Who we think we are in this instant is only a collection of memories.
Who would we be without these memories? What would define us without them – our past choices, past consequences of those choices and what we considered or deemed “good” and/or “bad”?
Some memories we want to forget. They cause us discomfort or anguish and pain. But choosing to recall them with pain shapes who we are now and what we avoid. And other memories we recall with pleasure, joy and profound feelings of comfort. Those we carry with us too and they also influence our future choices and actions, even if they are inaccurate.
Yes actions often follow thought. Thought influenced by memory. Memory influenced by what?
There are several classifications or types of memories as well. Many are unconscious and are involved in learning activities and reveries. Others are conscious and as recent as a tenth of a second ago.
What is Memory?
Why do we have this gift; or curse depending upon the present circumstance? Why do many memories carry with them emotions? Can we change the emotions tied to a particular memory? Yes I think we can.
Who are you right now without any memories? You would be like an empty vessel. Without your memory what would you want, what would you need? New memories? What would you choose without any “past” influences?
You are neither in a “good” state nor a “bad” state; you are simply being in the world. Wipe out your memories and who do you have? No self – so would you even exist? Even our name, our individuality (our ego) wouldn’t exist without our memories of “who we are,were and who we plan on becoming”. Our ego is a construct, really. Memory comprised of neural nets comprised of smaller networks of atomic and subatomic networks. And if we include quantum theory and apply it here, can we not ask, “Is experience and the self merely quantum memories? Are we forgetting the laws of quantum mechanics when we theorize about consciousness?
Immanuel Kant wrote extensively on, “a priori knowledge“. In other words (to the best of my interpretation, as Kant was damned near impenetrable) a metaphysical (or transcendental) plane of knowledge, not memories, exists before or in front of experiential knowledge. It would seem that math, for example, is a body of knowledge that is universal in its application and seems to “have always been there” for us to discover. Or, is it also hinged on far away memories – all the way back to the big bang?
And what judges these memories and deems them good, bad and indifferent?
Is the act of judging separate from memory or is it a learned memory also? Let’s follow an example of the Buddhist method of nondiscrimination.
There lived an old farmer who had worked on his fields for many, many years. One day, his horse bolted away. His neighbors dropped in to commiserate with him. “What awful luck,” they tut-tutted sympathetically, to which the farmer only replied, “We’ll see.”
Next morning, to everyone’s surprise, the horse returned, bringing with it three other wild horses. “How amazing is that!” they exclaimed in excitement. The old man replied, “We’ll see.”
A day later, the farmer’s son tried to mount one of the wild horses. He was thrown on the ground and broke his leg. Once more, the neighbors came by to express their sympathies for this stroke of bad luck. “We’ll see,” said the farmer politely.
The next day, the village had some visitors – military officers who had come with the purpose of drafting young men into the army. They passed over the farmer’s son, thanks to his broken leg. The neighbors patted the farmer on his back – how lucky he was to not have his son join the army! “We’ll see,” was all that the farmer said.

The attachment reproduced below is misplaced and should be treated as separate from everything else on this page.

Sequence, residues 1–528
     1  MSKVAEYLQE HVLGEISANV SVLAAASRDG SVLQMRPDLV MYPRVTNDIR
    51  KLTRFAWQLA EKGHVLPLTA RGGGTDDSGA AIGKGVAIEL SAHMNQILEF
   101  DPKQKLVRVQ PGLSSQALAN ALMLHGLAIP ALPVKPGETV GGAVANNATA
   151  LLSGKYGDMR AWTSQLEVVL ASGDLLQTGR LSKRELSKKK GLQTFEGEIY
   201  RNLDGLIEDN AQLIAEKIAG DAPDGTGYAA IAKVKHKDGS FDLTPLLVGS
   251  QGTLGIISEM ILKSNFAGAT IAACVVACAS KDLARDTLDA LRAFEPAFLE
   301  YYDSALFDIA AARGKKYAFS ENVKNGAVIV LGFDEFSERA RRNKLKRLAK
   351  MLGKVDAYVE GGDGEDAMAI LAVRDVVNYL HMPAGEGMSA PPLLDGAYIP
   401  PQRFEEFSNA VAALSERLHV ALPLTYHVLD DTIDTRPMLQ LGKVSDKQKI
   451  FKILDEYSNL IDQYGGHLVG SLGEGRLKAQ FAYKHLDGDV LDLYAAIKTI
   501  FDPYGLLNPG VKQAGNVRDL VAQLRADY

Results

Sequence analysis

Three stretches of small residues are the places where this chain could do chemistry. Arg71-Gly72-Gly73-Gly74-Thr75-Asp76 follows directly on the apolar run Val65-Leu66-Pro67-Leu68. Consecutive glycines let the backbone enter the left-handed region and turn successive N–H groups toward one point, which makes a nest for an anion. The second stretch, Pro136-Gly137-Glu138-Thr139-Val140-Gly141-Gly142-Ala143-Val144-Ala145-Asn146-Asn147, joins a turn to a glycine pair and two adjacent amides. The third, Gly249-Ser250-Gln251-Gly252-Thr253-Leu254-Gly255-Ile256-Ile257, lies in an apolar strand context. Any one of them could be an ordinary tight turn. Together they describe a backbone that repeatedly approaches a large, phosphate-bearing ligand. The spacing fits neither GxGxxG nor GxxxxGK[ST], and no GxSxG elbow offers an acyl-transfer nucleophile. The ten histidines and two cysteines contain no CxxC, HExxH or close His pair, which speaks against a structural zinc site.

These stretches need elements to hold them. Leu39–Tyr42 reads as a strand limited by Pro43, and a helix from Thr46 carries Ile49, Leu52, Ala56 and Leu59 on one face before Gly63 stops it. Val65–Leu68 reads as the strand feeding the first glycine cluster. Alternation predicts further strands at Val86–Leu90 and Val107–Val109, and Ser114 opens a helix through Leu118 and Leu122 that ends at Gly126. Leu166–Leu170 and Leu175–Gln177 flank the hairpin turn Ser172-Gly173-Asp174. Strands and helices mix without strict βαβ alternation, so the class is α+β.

So all these memories seem to serve some sort of purpose. But what?
…”relates physiological mechanisms to psychological behaviours through a process called perceptual categorisation. The function of perceptual categorization in the vertebrate nervous system is to maintain homeostasis between the internal and external environment. Perceptual categorization is the ability to selectively discriminate objects or events within an unlabelled environment. Edelman assumes that the resulting categories are useful to a given species and are adaptive. Perceptual categorization and concept formation (maps of perceptual maps) would not be adaptive to an animal in the absence of memory, an essential component of consciousness. Primary consciousness is the result of the dynamic interaction between ongoing perception and memory through the reentrant connections in the thalamocortical system. This evolutionary development has led to our ability to construct and form a meaningful picture of the world. Perceptual categorization is a process that both depends upon and leads to action within that scene. Edelman’s theory, of how this neural activity in the reentrant dynamic core phenomenally transforms into higher order consciousness, verges on the epiphenomenal. Though, he suggests that his theory eliminates this paradox when properly understood. Whilst Wider than the sky is his most accessible book, it still can lose the reader in jargon, as do his earlier works.”
(Edelman, G.E. (1987) Neural Darwinism: The Theory of Neuronal Group Selection. New York: Basic Books, 1987.)
Still, we are theorizing about consciousness and memory from within the cave – consciousness analyzing itself with itself…. are we able to truly be “outside it” and look at it in complete objectivity?
I’ve posed a variety of questions here, I know. I leave it up to you to decide which ones are rhetorical. I welcome your thoughts, impressions and theories on this matter of memory and what makes us who we are.
In Part Two, I’ll cover more ground in regards to Memory and the Self and draw possible conclusions to some of the questions I have asked here in Part One.